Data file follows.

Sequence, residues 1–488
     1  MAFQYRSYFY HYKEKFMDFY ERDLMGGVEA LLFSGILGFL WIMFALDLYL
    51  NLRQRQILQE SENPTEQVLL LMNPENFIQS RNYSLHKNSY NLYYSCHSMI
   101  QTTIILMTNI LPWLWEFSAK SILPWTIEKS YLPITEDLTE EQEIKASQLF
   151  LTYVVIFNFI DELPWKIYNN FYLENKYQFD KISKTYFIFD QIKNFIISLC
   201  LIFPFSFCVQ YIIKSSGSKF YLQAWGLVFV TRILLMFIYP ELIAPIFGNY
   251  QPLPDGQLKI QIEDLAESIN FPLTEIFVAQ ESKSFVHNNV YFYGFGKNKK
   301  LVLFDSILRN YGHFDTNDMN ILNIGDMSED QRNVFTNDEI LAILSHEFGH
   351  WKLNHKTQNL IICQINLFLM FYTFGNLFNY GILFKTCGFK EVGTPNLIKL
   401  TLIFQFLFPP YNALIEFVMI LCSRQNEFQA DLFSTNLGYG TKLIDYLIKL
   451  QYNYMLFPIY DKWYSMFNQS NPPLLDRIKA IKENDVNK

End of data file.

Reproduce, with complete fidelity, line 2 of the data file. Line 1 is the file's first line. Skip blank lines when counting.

     1  MAFQYRSYFY HYKEKFMDFY ERDLMGGVEA LLFSGILGFL WIMFALDLYL